Author Archives: Egoyibo Okoro

About Egoyibo Okoro

Beautiful. Friendly. Opinionated. Feminist. Scholarly. Political. Christian. Sometimes, I write in Engli-Igbo and/or pidgin English. Just so you know, I am naturally disgruntled about a lot of things, most especially gender inequality, human rights abuses, racism and corruption. #EndChildMarriage. #EndTerrorism. #EndPoverty. #EndRacism. #EndImperialism. The Igbo say, "egbe bere, ugo bere, nke si ibe ya ebena nku kwa ya" - Live and let live!

A Year Off Dating

Good morning, dears! After much introspective reflection, I’ve decided to take a year off romantic love and dating. That means no romantic entanglements or endlessly swiping left and right in search of “the one”. It means re-learning to be alone … Continue reading

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Dating in The Internet Age: Big Data, Feelings and The Allure of Ghosting

We live in the age of Big Data and online dating, where your special one — aggregated by AI based on your (assumed) preferences, is touted as being a mere swipe away. I love swiping, mind you. There’s a sort … Continue reading

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Thesis Writing and The Lure of Procrastination

When I started the Master in Law and Technology in January, I was filled with an unearned arrogance and a silly conviction that I would graduate with a distinction — near-effortlessly. I have since been humbled by courses such as … Continue reading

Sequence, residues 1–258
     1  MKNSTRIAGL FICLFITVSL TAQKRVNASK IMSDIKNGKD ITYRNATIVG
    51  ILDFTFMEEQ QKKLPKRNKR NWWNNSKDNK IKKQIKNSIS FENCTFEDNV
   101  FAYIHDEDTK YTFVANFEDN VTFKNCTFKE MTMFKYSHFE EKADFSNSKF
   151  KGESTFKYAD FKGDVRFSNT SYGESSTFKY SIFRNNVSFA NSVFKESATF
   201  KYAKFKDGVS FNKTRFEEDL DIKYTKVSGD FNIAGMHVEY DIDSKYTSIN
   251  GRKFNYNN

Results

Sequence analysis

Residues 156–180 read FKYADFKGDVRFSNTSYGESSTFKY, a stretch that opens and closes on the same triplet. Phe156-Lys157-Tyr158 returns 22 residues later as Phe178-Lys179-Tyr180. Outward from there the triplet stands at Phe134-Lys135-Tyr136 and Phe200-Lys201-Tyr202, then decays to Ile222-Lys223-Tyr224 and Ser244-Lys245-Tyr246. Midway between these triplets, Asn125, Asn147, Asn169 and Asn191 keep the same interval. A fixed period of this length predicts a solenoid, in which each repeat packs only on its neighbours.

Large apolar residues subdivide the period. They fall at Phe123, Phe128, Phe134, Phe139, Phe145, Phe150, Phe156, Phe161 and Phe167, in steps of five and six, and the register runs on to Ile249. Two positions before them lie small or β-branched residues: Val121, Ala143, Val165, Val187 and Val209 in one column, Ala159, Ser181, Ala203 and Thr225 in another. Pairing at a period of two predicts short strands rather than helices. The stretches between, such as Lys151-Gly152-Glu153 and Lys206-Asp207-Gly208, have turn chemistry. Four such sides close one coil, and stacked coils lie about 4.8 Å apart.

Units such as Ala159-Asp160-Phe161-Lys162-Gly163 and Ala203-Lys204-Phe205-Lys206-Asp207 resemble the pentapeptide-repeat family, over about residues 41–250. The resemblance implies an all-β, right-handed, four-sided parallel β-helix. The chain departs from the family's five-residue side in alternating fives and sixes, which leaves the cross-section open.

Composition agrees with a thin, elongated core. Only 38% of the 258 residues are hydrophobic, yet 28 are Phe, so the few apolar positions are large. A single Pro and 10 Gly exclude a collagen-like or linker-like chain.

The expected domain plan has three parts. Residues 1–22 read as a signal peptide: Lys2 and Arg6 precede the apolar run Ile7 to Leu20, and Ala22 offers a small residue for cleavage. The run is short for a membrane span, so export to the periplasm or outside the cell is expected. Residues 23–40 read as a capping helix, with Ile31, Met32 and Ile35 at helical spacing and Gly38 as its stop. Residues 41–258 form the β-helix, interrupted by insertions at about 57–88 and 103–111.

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Gendered Poverty, Inherited Debts and Structural Adjustment Policies

Research Question: What are the gendered impacts of “structural adjustment” policies in the developing economy that is Nigeria?   “The earth has enough for everyone’s needs, but not for some people’s greed”. – Mahatma Gandhi   Inherited Debts – IMF … Continue reading

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On Nigeria’s Indigenous Cultures and Postcolonial Feminism

  I was raised as a member of the Roman Catholic Church. I was baptized when I was three months old and named “Loretta” after a noble European saint, but the church secretary or catechist got the spelling wrong, he/she … Continue reading

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Raising Sons in Patriarchal Nigeria

My younger brother – younger by 11 years – cannot cook any Nigerian soup and that’s troubling. It’s troubling not just because cooking and being able to carter to one’s basic needs is a necessary survival tool. It’s troubling because … Continue reading

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Diary of a Black Feminist

“My feminism will be intersectional or it will be bullshit” – Flavia Dzodan The first time I came across the above quote from Amsterdam based writer and media analyst, Flavia Dzodan, I nearly squirted feminist joy. Finally, here was someone … Continue reading

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